From the Hood to the High Desert: Geology for a New Generation

Budding hydrogeologist Rosie Santilena enjoys mapping the Earth’s beautiful diversity.

Budding hydrogeologist Rosie Santilena enjoys mapping the Earth’s beautiful diversity.

Nearing the completion of her master’s in geological sciences, there are still two things that Rosie Santilena finds particularly troubling: one, the fact that geology remains a primarily male-dominated field, with significant underrepresentation of minorities; and two, that people seem to be in denial about what’s really going on with climate change, despite events such as land disappearing in Florida, Boston experiencing a record-breaking snowfall, and natural disasters like Hurricane Sandy.

 “I don’t know how people aren’t getting the wake-up call. I find this information shocking,” says Santilena.

Such events, in part, are what motivated her to continue on at California State University, Los Angeles, after receiving her bachelor’s degree in geological sciences. This summer she’ll finish her master’s in the same field, with a focus on environmental hydrogeology.

“I’m trying to find a job where I’m helping the environment—that’s the ultimate goal: to stop the planet from falling apart.”

In addition to being the rare multiracial woman in her field, Santilena is aware of other obstacles involved in tackling environmental activism work. Challenges abound when issues step out of the realm of science into the corporate world and its intersection with government and politics. For example, Santilena related a story about environmental protesters getting thrown in jail.

The other major impediment Santilena has found is the job market itself. “I feel like America in general is not investing in environmental fields,” she says. While her field-based experiences in school have been productive—each involving a service component—the professional realm appears to be much more limited.

“When I’ve been applying for jobs—at least over the last two years—you find there are plenty of jobs in oil for a geologist, but if you want to do something more environmentally based, there’s just not a lot out there.” You can find work in nonprofit organizations, which might offer great experience, but you usually can’t survive on the salary, says Santilena. And if you choose to pursue a doctorate, it often makes you overqualified for a lot of positions, she says.

Blueprint Earth has an incredible goal. It’s a huge, lofty goal. But I think that’s how you have to do things. Why aim low?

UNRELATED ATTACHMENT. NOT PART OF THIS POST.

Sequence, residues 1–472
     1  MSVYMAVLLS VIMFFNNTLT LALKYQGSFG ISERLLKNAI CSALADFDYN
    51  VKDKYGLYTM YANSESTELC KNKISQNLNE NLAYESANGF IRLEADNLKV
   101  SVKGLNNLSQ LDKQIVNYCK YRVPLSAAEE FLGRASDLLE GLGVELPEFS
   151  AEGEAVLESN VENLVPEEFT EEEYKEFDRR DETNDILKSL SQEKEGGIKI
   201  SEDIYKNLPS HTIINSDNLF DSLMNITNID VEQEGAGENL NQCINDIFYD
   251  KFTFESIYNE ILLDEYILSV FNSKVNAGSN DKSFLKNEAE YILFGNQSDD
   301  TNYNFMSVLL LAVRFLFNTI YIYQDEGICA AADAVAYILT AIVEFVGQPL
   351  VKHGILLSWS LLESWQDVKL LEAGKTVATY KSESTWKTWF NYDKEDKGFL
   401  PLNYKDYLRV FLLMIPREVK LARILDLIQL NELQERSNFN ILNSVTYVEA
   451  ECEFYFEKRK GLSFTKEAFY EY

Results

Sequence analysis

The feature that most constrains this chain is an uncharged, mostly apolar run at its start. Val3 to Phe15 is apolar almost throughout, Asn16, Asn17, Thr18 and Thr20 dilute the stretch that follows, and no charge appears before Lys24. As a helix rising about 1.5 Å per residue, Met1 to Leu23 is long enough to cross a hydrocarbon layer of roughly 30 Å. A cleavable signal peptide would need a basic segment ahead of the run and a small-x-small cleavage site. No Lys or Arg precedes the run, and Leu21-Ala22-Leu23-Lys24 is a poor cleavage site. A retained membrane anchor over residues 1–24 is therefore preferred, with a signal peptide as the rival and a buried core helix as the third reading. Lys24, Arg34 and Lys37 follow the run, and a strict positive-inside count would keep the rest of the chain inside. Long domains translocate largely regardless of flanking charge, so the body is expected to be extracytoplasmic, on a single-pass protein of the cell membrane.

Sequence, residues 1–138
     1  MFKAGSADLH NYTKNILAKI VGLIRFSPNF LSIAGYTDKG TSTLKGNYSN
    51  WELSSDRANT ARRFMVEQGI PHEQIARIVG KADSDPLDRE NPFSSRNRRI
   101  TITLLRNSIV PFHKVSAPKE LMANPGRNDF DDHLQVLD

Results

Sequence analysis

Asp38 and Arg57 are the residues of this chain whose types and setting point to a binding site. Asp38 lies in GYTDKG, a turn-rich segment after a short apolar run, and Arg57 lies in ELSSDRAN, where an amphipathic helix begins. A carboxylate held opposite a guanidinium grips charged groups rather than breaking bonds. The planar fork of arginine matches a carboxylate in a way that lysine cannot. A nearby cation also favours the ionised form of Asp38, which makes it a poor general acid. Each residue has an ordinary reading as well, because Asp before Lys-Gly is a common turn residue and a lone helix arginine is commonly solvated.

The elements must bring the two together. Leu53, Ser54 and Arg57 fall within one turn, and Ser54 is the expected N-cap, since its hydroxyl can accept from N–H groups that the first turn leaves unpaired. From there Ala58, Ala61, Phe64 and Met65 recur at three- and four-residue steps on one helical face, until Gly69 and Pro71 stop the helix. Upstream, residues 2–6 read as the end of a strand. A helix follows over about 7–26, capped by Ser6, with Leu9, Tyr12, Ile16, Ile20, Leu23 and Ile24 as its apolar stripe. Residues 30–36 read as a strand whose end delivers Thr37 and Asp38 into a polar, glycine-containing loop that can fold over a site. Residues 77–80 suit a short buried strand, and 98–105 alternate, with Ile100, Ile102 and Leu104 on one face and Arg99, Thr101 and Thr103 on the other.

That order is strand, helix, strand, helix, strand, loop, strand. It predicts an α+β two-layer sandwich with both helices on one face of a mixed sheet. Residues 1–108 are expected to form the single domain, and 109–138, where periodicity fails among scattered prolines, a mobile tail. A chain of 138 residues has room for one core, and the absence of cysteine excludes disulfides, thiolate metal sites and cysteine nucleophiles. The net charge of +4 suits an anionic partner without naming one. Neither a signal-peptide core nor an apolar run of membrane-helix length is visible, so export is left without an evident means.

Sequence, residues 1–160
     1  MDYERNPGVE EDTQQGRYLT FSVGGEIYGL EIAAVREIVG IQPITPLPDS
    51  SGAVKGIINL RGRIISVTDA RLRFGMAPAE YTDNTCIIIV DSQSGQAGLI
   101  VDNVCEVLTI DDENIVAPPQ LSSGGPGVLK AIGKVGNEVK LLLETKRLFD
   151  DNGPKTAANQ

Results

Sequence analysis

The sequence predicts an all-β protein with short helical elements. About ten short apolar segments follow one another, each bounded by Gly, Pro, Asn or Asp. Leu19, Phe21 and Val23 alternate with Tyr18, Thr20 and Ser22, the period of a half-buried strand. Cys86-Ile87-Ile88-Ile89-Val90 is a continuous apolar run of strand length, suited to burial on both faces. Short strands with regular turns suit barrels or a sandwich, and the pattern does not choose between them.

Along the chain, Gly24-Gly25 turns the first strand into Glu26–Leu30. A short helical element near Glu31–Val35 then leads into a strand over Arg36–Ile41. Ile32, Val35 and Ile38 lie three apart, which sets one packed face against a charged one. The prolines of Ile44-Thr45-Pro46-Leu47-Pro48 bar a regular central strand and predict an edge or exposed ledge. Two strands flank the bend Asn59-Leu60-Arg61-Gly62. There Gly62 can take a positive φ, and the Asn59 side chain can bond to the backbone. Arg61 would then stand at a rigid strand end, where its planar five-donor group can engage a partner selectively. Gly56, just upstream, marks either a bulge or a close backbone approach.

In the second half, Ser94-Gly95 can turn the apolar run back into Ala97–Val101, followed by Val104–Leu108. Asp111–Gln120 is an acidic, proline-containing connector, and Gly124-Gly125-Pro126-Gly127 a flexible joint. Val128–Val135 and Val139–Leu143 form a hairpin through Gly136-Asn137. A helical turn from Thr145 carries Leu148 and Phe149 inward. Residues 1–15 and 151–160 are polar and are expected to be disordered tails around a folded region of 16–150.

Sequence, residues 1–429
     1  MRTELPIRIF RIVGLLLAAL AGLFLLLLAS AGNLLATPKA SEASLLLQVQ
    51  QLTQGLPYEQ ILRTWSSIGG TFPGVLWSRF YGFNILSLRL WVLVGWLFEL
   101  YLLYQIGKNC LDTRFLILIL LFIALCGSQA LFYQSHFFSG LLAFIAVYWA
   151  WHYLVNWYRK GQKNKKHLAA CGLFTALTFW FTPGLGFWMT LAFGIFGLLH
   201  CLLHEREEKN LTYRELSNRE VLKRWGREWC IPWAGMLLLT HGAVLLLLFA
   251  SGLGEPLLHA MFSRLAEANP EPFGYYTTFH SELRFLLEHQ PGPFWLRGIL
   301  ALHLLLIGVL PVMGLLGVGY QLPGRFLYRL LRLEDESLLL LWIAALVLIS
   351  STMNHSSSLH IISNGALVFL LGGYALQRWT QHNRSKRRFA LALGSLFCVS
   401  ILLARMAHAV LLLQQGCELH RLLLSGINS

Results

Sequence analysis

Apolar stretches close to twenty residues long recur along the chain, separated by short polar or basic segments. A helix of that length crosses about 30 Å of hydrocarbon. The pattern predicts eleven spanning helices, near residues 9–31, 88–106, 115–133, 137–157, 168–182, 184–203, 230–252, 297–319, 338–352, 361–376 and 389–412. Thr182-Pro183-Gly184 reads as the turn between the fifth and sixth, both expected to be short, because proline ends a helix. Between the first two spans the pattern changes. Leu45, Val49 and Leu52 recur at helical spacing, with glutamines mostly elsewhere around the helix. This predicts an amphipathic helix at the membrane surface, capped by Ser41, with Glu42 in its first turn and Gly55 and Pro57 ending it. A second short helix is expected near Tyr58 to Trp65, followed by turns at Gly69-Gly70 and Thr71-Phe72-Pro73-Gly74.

So how does Santilena stay optimistic about her chosen career path? One inspiration for her was working with Blueprint Earth.

“I came into a class and [Blueprint Earth founder] Jess Peláez was there talking about the program because she wanted to get volunteers interested in it. And I got interested! I contacted her after that, and I was able to work with them during the first major sampling season last year.”

During Santilena’s week in the field, she studied a stream that runs through the middle of Blueprint Earth’s sampling area. She plans to return for another expedition in 2016.

“That was my first time in the Mojave in a river. It was my first time out there mapping biology. Blueprint Earth has you do everything. You’re evaluating the stream, but you’re also trying to figure out every piece of plant and animal life.”

Santilena liked the interdisciplinary approach. “When we were in the Mojave in April, the stream was only a small trickle, with algae covering it entirely. So knowing something about biology could help us figure out what was happening.”

“What really drew me to Blueprint Earth was the idea of restoring an environment after people have come in and wrecked it.”

Blueprint’s mission is to advocate that if you’ve done something to a public land, you have to come in and rebuild it to the best blueprint possible, Santilena says.

“I think that’s an incredible goal. It’s a huge, lofty goal. But I think that’s how you have to do things. Why aim low?”

Santilena isn’t aiming low professionally, either. She’s been mining her network for her job search, and last year Peláez told her about The Geological Society of America’s On To the Future (OTF) scholarship program, to which Santilena applied and was accepted. OTF works toward building a diverse geoscience community by engaging groups traditionally underrepresented in the geosciences, like people with disabilities, women, and minorities.

Traveling to the organization’s annual conference was a great experience. Being away from her native Los Angeles and going to Vancouver, Canada, learning that the region is actually considered a Northern Pacific rainforest, was eye-opening. It was also enlightening to see the juxtaposition of conference veterans—primarily older white males—with a much more diverse new generation of geologists. Santilena sees this as a step in the right direction to bring more diverse viewpoints, backgrounds, and unique experiences into the field.

Blueprint Earth also reflects this diversity, both in its work and its pool of volunteers. And being out in the field, despite its difficulties, beats working in a cubicle any day, says Santilena. She appreciates the support of Peláez, whose “fiery,” “go-getter” attitude Santilena finds inspiring.

Besides that, geology is an incredible field. “It’s fun, it’s action-packed. It involves earthquakes, mid-oceanic rifts, volcanoes … I mean, it doesn’t get more exciting than that.”

“It’s a fascinating world, and people aren’t seeing how gorgeous it is. We are going to help try to change that.”

—As told to Jane Falla, Blueprint Earth contributor


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